• ABILITY TO HANDLE EMOTIONAL DISTURBANCE – This ability is directly related to your stability. Your EMDR therapist should test your ability to handle emotional disturbance before exposing you to intense emotional disturbance.
  • ENVIRONMENTAL STABILITY – Most therapists will not start reprocessing trauma if you are experiencing a major life stressor or a crisis (divorce, homelessness, the recent loss of a loved one).
  • SUPPORT – You should have natural supports, such as friends and family members who can be there for you between sessions. If you are isolated and have no friends or family to support you between sessions – mention it to your therapist. Level of support is very individual and should be assessed by your therapist.  
  • GENERAL PHYSICAL HEALTH – You should have some basic level of physical health to start processing. If you suffer from a cardiovascular, a neurological condition or epilepsy – talk with your specialist before you start your EMDR work.
  • LEGAL ISSUES – If you were a victim of a crime, or need to testify in court for a crime that you witnessed, consult with an attorney. EMDR processing can change your memory of some events. It’s not that you will forget what happened, but some aspects of your memory may fade or slightly change.  
  • PSYCHOSIS – According to Paul Miller, MD, EMDR can help people with schizophrenia and other psychotic disorders. If you or your loved one suffer from psychosis – ask your EMDR therapist about her experience treating psychotic disorders.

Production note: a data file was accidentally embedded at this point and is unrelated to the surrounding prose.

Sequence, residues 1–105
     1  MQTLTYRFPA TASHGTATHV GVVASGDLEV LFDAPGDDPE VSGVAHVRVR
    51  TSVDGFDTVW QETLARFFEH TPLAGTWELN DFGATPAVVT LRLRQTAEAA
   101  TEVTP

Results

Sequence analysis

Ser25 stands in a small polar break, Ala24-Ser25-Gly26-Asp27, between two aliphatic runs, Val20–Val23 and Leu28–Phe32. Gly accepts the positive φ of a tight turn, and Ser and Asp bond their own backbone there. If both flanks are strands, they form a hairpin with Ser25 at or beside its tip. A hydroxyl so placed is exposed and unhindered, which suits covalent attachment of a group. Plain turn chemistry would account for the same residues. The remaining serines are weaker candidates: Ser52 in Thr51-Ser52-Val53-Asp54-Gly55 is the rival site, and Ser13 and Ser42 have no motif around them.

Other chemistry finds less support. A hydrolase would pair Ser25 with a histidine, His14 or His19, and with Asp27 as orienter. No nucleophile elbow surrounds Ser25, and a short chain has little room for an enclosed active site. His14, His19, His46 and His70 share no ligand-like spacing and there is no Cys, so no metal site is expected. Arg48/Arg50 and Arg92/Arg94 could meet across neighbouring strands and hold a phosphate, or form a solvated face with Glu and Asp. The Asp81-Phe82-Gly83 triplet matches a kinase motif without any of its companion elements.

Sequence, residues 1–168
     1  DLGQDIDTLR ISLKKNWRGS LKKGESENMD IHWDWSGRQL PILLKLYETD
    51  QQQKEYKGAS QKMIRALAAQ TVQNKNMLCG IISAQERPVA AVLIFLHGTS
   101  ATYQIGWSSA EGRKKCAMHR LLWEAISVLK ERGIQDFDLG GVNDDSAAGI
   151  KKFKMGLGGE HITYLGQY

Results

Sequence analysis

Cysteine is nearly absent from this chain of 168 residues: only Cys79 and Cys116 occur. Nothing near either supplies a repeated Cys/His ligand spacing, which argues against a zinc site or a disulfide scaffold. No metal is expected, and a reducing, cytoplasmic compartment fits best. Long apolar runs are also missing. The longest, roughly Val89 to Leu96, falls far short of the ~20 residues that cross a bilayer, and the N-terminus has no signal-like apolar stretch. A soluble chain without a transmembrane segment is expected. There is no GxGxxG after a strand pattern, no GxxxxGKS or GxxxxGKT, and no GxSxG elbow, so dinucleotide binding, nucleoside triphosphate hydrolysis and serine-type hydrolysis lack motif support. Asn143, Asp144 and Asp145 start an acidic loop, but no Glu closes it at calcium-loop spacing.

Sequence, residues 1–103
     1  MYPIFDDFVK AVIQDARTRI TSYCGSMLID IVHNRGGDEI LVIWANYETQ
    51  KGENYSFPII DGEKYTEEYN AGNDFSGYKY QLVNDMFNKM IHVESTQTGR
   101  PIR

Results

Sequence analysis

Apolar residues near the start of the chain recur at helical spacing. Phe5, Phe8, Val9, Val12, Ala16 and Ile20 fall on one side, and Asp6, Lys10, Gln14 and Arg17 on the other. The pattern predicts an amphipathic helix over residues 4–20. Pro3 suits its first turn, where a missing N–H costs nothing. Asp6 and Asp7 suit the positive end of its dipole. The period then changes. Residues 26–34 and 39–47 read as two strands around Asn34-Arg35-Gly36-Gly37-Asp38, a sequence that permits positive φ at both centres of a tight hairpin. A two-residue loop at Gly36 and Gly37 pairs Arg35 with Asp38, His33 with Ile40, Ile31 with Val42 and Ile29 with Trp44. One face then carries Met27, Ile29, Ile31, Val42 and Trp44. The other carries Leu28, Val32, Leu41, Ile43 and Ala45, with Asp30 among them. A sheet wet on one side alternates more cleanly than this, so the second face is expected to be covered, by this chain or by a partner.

EMDR therapy is very effective in the treatment of early childhood trauma. If you have complex PTSD or a dissociative disorder, your therapist should take additional safety measures.

Processing early childhood trauma can be extremely distressing. If you were a victim of physical, sexual or emotional abuse, you may become very vulnerable when you start your EMDR work.

Make sure you do anything in your power to create a stable environment outside of your therapy sessions. Take a mindfulness class, start working out or do anything else you can to bring balance into your life. Trust me, it’s important.  


If you already have trauma or anxiety, EMDR processing can cause a temporary increase in symptoms. For most Americans, symptoms of trauma and anxiety are perceived as what they are – symptoms. But in other cultures, an episode of a panic attack can be interpreted differently. People in your community might think that you’re crazy, or that you are possessed by a demon (or a djinn).

For people who come from other cultures, these symptoms may have different consequences for the client, and sometimes for the client’s family.

In my work with refugees from all over the world, I’ve learned that in some cultures, experiencing mental health symptoms is considered shameful for the whole family.

For example, in some African countries, once one member of the family has experienced symptoms that are related to mental health, members of the family may have trouble finding a partner. In other words, once one member of the family is suffering from mental health issues, the whole family may be labeled as mentally ill.


EMDR can be mentally and physically exhausting. If you have a big presentation on a Monday morning, it is probably better to avoid scheduling your EMDR session on Monday at 8am. This is very individual and, from my experience, some clients may not feel drained by EMDR processing, while others feel exhausted.

If possible, schedule your first EMDR processing session when you don’t have anything scheduled right after. This will allow you time to take time to reflect on the work you did.  


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The EMDR international association